During the process of building my (second round attempt) custom road bike, there came a point at which a discussion arose regarding wheels. I'd been avoiding the conversation as best I could, but I knew it was fast approaching. I had already been reading up on wheel size and was fairly certain this would be something we'd be discussing as the build moved forward. When a person is under 5'4" or perhaps even up to 5'5", the subject of wheel size probably should be a point of conversation, particularly with a custom build, but I didn't want to address it because I believed it would be foolish to build a bike with anything other than what I had considered to be customary.
|*Image found via Fine Art America|
The 650c wheel size (at least in my mind) has always been associated with triathlon bikes too. Why on earth would I need this size? I have no intention of ever competing (at least competitively) in a triathlon with this bike, so would there really be a purpose in putting smaller wheels on my bike?
When I went on a quick online hunt for 650c tires, it became apparent that there were even fewer choices than for the 650b size. Why anyone would intentionally build a bike with 650c wheels was beyond me. It seemed as though I'd be putting myself at a disadvantage. Given my experience and discussion with local bike shop employees, I just didn't want to have a debate over wheel size. It seemed much easier to hold firm to my belief that I need 700c wheels. Perhaps I shouldn't have made this sort of pre-judgement, but it's easy to do when all I wanted was to make things as easy as possible and not add to any headaches that would potentially follow a decision to go with a smaller, non-bicycle-standard wheel.
The time finally arrived for me to make a decision about the wheel size and it was highly recommended that I opt for either a 26" wheel or a 650c, though the decision was left up to me. My belief (from all that I'd been told and read over the years) is that having a smaller wheel size was going to make me slower. I'm already slow, so the thought of adding to my tortoise status was not horribly appealing. I could choose a 26" wheel, but finding a moderate width tire for a road bike seemed even more unlikely as most 26" wheels are used by mountain bikers or city-cyclists - or bike tourists.
Then, I was sent a link to this article (which I highly recommend reading if you are considering a smaller wheel size). I will admit though that even after reading it I still wasn't convinced I needed a smaller size. Toe overlap has never been a huge issue to me and I tend to take corners and turns slowly anyway, so I just had a difficult time believing that it would matter.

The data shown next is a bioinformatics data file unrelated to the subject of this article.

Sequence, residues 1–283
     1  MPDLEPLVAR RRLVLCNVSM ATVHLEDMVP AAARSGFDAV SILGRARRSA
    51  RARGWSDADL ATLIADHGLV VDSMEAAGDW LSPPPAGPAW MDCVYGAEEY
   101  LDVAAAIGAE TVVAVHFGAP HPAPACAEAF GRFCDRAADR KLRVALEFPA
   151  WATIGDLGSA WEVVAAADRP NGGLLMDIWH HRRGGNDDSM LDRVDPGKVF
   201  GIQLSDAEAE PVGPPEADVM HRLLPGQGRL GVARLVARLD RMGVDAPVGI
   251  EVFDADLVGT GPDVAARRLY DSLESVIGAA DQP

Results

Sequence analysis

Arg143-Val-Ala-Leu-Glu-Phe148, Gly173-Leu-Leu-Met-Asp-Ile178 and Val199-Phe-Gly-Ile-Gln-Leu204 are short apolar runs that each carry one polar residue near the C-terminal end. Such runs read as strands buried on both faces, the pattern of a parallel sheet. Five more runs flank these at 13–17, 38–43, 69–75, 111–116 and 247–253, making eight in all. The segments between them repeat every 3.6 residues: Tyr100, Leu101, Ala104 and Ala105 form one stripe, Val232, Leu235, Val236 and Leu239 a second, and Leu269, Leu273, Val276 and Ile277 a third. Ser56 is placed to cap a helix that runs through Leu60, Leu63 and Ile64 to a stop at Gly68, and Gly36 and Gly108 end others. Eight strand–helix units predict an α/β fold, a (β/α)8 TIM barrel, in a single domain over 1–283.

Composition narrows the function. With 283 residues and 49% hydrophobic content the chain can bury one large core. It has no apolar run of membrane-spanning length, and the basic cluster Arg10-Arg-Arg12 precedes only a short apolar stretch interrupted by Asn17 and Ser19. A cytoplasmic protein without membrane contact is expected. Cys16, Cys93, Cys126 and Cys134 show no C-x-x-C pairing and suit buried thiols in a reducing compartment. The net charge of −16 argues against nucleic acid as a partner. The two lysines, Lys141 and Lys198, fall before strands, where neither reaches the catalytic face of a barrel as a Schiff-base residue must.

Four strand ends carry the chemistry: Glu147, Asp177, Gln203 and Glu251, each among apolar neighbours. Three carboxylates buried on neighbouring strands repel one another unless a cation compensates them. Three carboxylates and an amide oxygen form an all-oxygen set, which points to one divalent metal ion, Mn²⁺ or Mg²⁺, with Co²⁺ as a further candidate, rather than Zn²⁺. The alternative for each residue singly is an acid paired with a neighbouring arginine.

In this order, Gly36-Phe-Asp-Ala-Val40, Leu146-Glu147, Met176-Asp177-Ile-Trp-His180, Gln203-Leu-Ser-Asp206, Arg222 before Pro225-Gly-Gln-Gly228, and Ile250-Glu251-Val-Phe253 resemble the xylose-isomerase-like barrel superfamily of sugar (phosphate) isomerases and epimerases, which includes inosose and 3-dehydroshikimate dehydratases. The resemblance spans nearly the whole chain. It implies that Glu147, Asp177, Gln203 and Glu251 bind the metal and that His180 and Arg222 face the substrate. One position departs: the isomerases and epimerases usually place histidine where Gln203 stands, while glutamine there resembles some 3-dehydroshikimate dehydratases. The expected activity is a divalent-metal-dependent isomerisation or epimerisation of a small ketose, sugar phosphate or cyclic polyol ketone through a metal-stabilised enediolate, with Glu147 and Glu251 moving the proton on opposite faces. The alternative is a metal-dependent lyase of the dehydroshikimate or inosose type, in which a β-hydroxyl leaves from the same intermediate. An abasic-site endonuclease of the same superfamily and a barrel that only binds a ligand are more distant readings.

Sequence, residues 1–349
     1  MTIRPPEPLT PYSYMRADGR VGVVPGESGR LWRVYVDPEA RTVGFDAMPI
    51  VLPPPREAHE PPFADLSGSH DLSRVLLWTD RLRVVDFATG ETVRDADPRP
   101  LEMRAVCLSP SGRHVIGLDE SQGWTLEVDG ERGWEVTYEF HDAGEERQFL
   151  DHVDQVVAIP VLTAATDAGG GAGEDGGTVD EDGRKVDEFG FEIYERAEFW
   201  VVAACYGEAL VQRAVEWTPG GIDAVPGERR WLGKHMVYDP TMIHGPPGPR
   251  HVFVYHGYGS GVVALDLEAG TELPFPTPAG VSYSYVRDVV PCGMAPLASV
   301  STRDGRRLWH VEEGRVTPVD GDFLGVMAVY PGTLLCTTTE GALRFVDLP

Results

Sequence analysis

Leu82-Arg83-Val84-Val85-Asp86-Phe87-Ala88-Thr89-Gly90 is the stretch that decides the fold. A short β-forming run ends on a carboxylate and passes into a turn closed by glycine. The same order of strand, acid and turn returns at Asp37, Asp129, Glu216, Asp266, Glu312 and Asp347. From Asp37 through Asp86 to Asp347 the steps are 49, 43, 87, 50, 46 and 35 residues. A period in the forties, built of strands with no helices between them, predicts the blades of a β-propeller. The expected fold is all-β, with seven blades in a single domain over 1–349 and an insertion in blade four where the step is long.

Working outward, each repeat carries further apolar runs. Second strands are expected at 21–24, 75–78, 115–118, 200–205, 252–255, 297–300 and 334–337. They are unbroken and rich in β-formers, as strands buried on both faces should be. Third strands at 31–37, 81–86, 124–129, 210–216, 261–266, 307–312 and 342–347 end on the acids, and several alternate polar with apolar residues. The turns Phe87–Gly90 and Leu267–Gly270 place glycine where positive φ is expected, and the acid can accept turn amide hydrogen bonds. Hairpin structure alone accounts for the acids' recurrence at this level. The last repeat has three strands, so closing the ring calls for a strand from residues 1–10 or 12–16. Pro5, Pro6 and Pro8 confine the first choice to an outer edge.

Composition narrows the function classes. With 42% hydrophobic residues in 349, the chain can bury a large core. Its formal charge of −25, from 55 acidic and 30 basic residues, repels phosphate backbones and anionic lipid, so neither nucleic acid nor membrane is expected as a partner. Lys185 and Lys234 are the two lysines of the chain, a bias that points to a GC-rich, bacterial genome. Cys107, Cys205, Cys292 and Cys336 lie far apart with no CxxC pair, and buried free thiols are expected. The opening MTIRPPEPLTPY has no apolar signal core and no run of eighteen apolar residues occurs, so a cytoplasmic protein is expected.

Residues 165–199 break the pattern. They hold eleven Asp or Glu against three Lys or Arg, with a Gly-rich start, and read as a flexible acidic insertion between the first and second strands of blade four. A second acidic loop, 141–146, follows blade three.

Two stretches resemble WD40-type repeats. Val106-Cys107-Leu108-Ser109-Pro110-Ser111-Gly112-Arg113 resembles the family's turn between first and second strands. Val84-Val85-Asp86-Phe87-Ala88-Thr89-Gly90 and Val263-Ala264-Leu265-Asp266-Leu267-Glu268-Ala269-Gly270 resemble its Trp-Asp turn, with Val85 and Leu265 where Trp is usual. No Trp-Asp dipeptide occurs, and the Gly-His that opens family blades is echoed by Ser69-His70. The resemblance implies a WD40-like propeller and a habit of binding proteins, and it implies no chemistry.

I know that many of my beliefs prior to the current road bike stemmed from conversations with bike shop employees. If I really stop and think about it though, of course most bike shops are going to encourage me to ride 700c wheels. I can physically ride the bikes and this size is what is generally stocked in shops, so telling me that I require smaller wheels to be comfortable and prevent potentially dangerous situations could cost the shop a sale, or if they offered to customize it would come at a price - and perhaps they've learned that providing options at an additional cost for wheels hasn't been worthwhile?
Not that I think all shops or people working for a shop are attempting to fool or trick customers though. I truly believe that 700c has become such a standard that most don't stop to think of the potential benefits of customizing for a shorter rider - or, as pointed out in the linked article, it would cost a bit extra to actually help fit a cyclist properly, so manufacturers opt instead to stick with the generally accepted 700c size.
The more conversations with the custom builder, the more I realized that wheel size would be playing a huge role in more than just how fast I could travel or availability of tires. I began to understand that the frame itself would more than likely always have sizing (or more accurately, geometry) issues for me if I insisted upon running 700c wheels. If I was going to get the top tube short enough to be comfortable (and didn't want to compromise ride quality), a smaller wheel was going to have to happen. If we proceeded forward with the intention of using 700c wheels on my custom, concessions were going to be made with the frame build itself. It may end up being fine with a 700c wheel size, or it may be the worst decision I could make during the process.